Earlier this year, my hubby surprised me with tickets to attend the Annual Bloggers Bash in London. For those of you not familiar with the event, it’s an international get together and conference for writers of all interests, sizes, and platforms wishing to network as well as learn about how to take their writing and/or blogging to the next level. I’d seen the videos from prior events. I’d read the testimonials about connections made and the impact the event had made on others’ lives. I couldn’t believe I was lucky enough to get to go. I felt like Cinderella finding out she would be able to attend the ball. I was so excited – nervous about traveling to another country all on my own – but excited all the same.

Then . . .

Well, then there was an event in Westminster and the news broke with stories about women and children exiting a pop concert being targeted in Manchester followed by others about shoppers and pub-goers on London Bridge, and my nervousness took on a slightly different flavor. I wasn’t the only one to wonder what might happen next. I saw a message from another attendee suggesting the event might not still go on in light of recent events.

The response from one of the event’s organizers was simple – as long as London is open, the Bash will go on. I should have expected nothing less from the land of “Keep Calm and Carry On”. And so, on I would go as well, coincidentally packing my bag while a bit celebrating the 100th anniversary of the song, ‘Over There’  played on the radio. Yes, I thought as the music played, the Yanks were coming. I would show my grit, do my bit – over there.

I might say a prayer, but I was prepared for over there. While the idea of traveling solo still made me nervous, it wasn’t my first visit to the British Isles. I’d taken a bus tour with my husband a few years before. It was a trip that started in London, took us up through Scotland, across to Northern Ireland, down to Dublin, and across the water once again to Wales, where we visited Cardiff Castle.

WWII poster in Cardiff

I found this cautionary sign rather amusing at the time. Where’s the trust?

Tunnels beneath the castle grounds had been converted into a museum dedicated to the Welsh soldier and featured exhibits from over three hundred years of conflicts. As we walked into an area detailing World War II, speakers hidden in the walls played radio broadcasts of the times broken up with the sounds of air sirens and bombs falling. As I looked at posters and read placards I could only imagine what it must have been like to live through times like those while being told to keep calm and carry on while chaos and fear played so loudly in the background.

And yet carry on they did, with a stiff upper lip, going on to produce many of the smiling faces and open arms which eventually greeted this relative stranger from across the ocean without fear or hesitation. As I was welcomed out to meals and into homes as if we’d known each other for years, I reflected on just how appropriate the conference’s theme word of the year – connection – really was. I might have met them first as allies, as it were, in the field of writing, but we departed as friends. (You can ‘meet’ many of them or learn more about the event itself here courtesy of Hugh’s Views and News.)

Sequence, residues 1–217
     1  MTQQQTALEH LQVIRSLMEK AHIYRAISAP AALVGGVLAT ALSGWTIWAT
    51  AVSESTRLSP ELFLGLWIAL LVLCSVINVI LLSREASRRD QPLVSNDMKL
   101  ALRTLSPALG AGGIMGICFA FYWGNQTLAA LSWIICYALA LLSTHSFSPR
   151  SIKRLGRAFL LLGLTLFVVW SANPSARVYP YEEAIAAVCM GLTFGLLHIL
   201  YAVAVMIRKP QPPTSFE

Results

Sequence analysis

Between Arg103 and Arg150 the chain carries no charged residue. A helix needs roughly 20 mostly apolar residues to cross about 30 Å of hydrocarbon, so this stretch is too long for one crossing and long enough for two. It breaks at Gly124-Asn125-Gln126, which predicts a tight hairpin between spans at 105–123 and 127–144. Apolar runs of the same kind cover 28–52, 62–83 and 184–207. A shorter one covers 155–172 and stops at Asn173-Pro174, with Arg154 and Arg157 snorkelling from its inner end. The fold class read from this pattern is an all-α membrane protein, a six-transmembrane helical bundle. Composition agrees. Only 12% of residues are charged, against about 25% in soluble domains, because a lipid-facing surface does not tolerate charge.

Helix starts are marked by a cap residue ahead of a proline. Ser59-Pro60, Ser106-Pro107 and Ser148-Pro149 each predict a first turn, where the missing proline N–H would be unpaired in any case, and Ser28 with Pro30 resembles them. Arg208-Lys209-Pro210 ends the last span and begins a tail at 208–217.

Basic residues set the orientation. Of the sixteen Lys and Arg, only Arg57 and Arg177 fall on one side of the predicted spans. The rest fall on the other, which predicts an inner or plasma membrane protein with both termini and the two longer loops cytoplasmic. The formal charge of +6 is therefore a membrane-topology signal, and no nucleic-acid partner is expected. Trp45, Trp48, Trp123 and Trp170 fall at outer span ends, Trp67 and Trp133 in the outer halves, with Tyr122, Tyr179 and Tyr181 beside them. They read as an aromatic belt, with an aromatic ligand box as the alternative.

While we got to better know each other over books, blogs, cocktails and chocolate cake, I found it interesting to hear the most recent attacks referred by the locals as “that business on the bridge,” when our American headlines read terrifying things like ‘Britons Reeling’ and ‘London on Lockdown.’ Neither US headline was true as evidenced by the thousands of people who filled the London streets as I walked around town or by the banners proclaiming “London is Open” as part of a campaign following the EU referendum (also known as the Brexit vote). This is not to say the people I met weren’t concerned about safety nor viewed the loss of life as any less tragic, they just weren’t beaten by the news or willing to hide away in their homes.

The contrast in our headlines was also a reminder about the power our words can bestow or take away from events as well as people. Which is why it is all the more important we use our words wisely and never, never give in to fear.

While I may not be able to attend the Bash every year, I hope my reasons in the future will be limited to economic or scheduling ones rather than the alternative. We live in a world made smaller thanks to constant connection which is good and bad. It may at times feel less safe, but that is because news travels faster now. The fact of the matter is there have always been those who wish to strike fear into the hearts of others, which is all the more reason to go out there – explore, connect, to expand your worldview and find strength in numbers. To keep calm and carry on. For while it may be difficult to overcome fear, it is harder still to live a lifetime of regret.


While I loved meeting so many, I’d like to extend my thanks to Sacha, Geoff, Ali, and Hugh in particular for their incredible generosity as well as their hospitality. Truly, while I may have suggested in this post that it was my duty to attend the Bash, know it was my pleasure and privilege to do so as well.